# Thread: Proving a factor of a polynomial

1. ## Proving a factor of a polynomial

Hi,

I hope someone can help provide elaboration on the homework question that I'm faced with, and why the solution is what it is.

The homework question is as follows:
Determine a general rules to help decide whether x - a and x + a are factors of x^n - a^n and x^n + a^n.

The homework solution is as follows:
- For x^n - a^n, if n is even, they're both factors.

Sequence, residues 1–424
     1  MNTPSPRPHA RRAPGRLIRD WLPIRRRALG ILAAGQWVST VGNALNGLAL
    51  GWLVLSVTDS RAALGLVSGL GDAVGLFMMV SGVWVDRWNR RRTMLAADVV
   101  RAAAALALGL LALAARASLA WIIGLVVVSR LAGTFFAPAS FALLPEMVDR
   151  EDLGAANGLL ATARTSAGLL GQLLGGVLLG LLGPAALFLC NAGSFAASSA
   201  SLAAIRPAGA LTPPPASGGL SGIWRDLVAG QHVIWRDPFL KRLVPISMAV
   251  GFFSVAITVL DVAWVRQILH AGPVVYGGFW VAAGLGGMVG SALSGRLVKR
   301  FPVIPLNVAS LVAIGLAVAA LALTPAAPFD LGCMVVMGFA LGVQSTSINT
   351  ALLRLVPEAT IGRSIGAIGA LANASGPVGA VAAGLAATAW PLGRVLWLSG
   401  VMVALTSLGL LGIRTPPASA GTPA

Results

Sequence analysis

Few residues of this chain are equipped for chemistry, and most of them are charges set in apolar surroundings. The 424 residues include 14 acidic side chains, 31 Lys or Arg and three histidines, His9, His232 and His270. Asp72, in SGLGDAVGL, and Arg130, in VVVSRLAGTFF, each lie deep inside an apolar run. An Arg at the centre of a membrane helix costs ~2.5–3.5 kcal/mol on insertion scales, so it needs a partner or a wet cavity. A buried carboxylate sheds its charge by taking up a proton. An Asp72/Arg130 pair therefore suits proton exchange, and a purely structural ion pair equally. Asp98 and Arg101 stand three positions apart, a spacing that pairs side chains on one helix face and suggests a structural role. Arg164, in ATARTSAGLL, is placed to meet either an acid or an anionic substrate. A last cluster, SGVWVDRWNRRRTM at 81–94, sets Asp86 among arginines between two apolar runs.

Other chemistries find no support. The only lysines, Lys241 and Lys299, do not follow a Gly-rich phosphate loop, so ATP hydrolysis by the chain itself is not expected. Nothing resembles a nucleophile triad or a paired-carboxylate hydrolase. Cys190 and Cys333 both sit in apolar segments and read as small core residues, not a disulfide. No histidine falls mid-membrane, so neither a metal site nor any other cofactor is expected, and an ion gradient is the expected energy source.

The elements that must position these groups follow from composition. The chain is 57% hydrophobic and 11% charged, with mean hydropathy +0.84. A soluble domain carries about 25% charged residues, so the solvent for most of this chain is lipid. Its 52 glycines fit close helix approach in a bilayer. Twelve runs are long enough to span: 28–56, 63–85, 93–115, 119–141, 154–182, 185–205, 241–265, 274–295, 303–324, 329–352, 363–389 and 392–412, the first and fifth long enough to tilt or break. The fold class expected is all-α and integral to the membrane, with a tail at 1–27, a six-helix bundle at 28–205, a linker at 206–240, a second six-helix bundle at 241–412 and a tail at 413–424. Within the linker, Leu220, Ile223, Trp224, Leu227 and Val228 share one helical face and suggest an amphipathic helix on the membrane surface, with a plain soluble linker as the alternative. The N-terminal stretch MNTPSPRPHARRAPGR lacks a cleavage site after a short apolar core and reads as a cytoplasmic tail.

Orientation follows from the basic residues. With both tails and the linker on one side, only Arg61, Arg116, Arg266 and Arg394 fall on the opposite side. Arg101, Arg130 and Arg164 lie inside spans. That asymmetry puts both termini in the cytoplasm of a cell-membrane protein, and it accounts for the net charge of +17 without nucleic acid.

- If n is odd, only x - a is a factor. For x^n + a^n, if n is even, neither is a factor.
- If n is odd, only x + a is a factor.

Sincerely,
Olivia

2. ## Re: Proving a factor of a polynomial

the factor theorem states that

$(x-a) \text{ divides } p(x) \Rightarrow p(a)=0$

consider $x^n-a^n=0$

If $n$ is even, then both $x=\pm a$ satisfy this equation and thus both $(x-a)$ and $(x+a)$ are factors of $p(x)$

If $n$ is odd, then only $x=a$ satisfies this equation and thus only $(x-a)$ is a factor of $p(x)$

Apply this same reasoning to $x^n + a^n$ to obtain the other two results.

I leave that to you.

3. ## Re: Proving a factor of a polynomial

Thank you That makes total sense now.